# Intro physics proportion question

## Homework Statement

The radius of a proton is roughly 10^-15m, while the radius of a hydrogen atom is about 0.5x10^-10m. If we were to enlarge both proportionally until the proton was as large as a marble, about how large would the atom be?

## The Attempt at a Solution

I calculated an answer of 300m, but this doesn't seem correct for the size of a Hydrogen atom. I simply took the radius of a marble to be approximately 0.6cm, found the proton had to increase by 6x10^12 to become the size of the marble and multiplied this increase factor by the radius of the hydrogen atom and got 300 :\$

## The Attempt at a Solution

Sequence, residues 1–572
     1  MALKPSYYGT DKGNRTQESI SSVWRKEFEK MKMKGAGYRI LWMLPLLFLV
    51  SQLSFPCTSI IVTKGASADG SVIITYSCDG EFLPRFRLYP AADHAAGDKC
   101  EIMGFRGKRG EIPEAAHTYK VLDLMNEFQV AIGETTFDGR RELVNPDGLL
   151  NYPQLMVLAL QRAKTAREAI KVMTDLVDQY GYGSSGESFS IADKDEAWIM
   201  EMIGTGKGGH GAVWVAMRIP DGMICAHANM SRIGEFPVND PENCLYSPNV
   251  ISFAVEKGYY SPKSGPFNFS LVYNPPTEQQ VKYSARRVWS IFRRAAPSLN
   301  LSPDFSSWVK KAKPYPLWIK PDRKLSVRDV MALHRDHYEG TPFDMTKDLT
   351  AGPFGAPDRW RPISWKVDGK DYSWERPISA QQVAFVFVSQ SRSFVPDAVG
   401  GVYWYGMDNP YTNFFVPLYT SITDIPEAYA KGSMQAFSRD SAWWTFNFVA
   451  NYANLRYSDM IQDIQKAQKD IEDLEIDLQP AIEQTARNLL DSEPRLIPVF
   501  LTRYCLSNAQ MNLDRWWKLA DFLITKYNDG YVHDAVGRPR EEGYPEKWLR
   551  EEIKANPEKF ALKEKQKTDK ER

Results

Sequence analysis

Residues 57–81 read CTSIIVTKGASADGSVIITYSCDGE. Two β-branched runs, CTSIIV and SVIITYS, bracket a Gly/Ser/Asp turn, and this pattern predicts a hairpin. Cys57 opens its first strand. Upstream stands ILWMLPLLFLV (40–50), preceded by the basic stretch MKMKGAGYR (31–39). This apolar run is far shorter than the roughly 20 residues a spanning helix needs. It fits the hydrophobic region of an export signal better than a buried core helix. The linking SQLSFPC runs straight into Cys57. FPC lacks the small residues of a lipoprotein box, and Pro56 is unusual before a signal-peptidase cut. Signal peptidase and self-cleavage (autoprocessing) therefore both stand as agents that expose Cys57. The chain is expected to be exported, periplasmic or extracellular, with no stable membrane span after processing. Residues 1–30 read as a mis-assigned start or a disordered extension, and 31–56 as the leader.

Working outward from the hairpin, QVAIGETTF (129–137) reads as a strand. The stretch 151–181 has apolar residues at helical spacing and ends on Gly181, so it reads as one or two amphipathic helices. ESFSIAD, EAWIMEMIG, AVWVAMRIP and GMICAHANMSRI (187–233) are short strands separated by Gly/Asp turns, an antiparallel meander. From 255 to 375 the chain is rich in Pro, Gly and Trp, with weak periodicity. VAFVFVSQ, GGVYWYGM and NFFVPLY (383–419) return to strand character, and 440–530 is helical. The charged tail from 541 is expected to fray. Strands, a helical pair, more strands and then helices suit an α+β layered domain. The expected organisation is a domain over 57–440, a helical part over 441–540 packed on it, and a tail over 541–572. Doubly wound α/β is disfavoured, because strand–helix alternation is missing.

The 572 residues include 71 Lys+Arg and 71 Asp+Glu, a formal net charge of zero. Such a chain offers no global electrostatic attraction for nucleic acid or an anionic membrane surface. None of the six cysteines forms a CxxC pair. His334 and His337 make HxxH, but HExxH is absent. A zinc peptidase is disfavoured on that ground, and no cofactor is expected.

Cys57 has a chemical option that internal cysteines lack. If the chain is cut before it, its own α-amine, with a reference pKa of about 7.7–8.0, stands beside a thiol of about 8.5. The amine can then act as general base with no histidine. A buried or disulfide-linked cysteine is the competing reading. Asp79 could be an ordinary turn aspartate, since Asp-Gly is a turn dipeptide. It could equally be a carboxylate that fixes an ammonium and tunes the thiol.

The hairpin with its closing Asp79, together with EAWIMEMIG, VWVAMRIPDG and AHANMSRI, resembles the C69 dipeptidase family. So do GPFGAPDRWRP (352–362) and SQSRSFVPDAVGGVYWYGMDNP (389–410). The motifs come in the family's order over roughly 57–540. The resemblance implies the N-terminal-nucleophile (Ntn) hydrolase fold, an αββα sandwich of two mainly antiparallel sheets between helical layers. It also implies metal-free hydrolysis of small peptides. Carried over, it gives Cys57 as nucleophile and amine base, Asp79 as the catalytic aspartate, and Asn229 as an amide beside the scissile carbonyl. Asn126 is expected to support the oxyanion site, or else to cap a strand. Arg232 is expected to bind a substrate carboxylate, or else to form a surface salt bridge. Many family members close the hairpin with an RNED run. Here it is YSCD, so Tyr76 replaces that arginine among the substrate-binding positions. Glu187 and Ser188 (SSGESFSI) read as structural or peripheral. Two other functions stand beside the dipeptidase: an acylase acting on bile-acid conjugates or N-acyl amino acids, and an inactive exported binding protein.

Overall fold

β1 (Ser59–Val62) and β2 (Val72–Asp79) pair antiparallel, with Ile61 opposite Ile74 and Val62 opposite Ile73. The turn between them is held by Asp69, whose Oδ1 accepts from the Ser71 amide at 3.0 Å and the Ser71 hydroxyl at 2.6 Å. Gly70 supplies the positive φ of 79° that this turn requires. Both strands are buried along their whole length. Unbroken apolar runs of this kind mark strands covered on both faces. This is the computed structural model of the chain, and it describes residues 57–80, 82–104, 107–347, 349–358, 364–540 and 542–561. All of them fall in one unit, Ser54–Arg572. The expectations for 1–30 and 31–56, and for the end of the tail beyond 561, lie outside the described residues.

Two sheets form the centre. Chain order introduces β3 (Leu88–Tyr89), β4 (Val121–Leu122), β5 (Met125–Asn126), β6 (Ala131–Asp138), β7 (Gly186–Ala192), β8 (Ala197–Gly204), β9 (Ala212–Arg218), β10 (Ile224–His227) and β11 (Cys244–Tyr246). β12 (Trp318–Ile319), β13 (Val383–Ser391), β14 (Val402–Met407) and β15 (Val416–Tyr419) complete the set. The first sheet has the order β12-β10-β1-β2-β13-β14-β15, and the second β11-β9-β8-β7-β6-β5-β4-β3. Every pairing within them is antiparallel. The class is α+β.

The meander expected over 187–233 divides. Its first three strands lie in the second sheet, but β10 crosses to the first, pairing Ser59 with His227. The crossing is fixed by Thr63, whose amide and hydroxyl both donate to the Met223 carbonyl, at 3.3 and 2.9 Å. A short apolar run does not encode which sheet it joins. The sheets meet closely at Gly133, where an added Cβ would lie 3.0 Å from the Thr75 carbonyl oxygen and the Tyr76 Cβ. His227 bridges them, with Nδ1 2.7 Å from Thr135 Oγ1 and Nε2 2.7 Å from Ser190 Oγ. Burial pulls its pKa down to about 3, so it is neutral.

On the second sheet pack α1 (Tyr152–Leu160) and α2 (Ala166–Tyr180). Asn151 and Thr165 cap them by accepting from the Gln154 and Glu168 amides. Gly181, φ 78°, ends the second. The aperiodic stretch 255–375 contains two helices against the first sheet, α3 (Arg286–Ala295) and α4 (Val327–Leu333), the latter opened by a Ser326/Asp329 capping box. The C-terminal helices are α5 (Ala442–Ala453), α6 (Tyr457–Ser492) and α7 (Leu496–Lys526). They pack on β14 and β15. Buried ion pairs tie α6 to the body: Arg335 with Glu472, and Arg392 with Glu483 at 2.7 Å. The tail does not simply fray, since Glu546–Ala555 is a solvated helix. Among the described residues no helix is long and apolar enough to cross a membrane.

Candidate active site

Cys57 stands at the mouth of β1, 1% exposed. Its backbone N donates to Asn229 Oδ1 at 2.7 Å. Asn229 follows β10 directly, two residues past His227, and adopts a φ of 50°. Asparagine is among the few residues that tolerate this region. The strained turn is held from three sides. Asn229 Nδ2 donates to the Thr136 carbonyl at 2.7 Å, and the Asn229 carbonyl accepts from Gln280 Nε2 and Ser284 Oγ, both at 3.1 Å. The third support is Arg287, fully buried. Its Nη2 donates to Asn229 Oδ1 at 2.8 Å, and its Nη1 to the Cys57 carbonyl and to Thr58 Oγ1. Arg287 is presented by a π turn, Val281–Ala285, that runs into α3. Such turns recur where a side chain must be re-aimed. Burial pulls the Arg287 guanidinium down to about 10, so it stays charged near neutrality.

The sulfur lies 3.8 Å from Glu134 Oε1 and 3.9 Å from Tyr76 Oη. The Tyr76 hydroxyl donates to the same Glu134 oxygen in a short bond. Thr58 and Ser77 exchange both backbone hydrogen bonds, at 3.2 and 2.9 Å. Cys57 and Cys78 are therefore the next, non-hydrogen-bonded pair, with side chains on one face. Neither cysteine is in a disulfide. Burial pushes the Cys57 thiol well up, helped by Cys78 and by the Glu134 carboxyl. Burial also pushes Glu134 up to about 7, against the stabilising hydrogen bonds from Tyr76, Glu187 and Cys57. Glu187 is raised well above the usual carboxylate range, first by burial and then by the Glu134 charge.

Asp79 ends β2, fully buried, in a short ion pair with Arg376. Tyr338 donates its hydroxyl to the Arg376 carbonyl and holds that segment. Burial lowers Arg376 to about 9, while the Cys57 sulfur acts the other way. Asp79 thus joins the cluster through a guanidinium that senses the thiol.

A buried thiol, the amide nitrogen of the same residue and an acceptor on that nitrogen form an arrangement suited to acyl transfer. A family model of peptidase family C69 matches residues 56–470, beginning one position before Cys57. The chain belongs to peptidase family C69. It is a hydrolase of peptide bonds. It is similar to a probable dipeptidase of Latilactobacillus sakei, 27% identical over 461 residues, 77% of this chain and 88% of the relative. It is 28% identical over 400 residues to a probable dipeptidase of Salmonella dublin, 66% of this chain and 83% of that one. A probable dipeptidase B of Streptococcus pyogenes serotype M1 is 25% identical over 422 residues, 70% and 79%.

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gneill
Mentor
The proportion looks okay. The straightforward approach is to set up the ratios as an equation.

$$\frac{r_{hydrogen}}{r_{proton}} = \frac{r_x}{r_{marble}}$$

What is rx? I'd have (0.5x10^-10)/(10^-15)=rx/x? Assume the marble radius is x..

gneill
Mentor
##r_x## is the unknown radius of the "inflated" atom.

I guess my question is how would I use that ratio to show that the atom is always 50,000 times larger than proton?

gneill
Mentor
I guess my question is how would I use that ratio to show that the atom is always 50,000 times larger than proton?
The ratio is a given. You have the radius of the proton, and the radius of the hydrogen atom. The rest is just proportional scaling (or comparison) of sizes.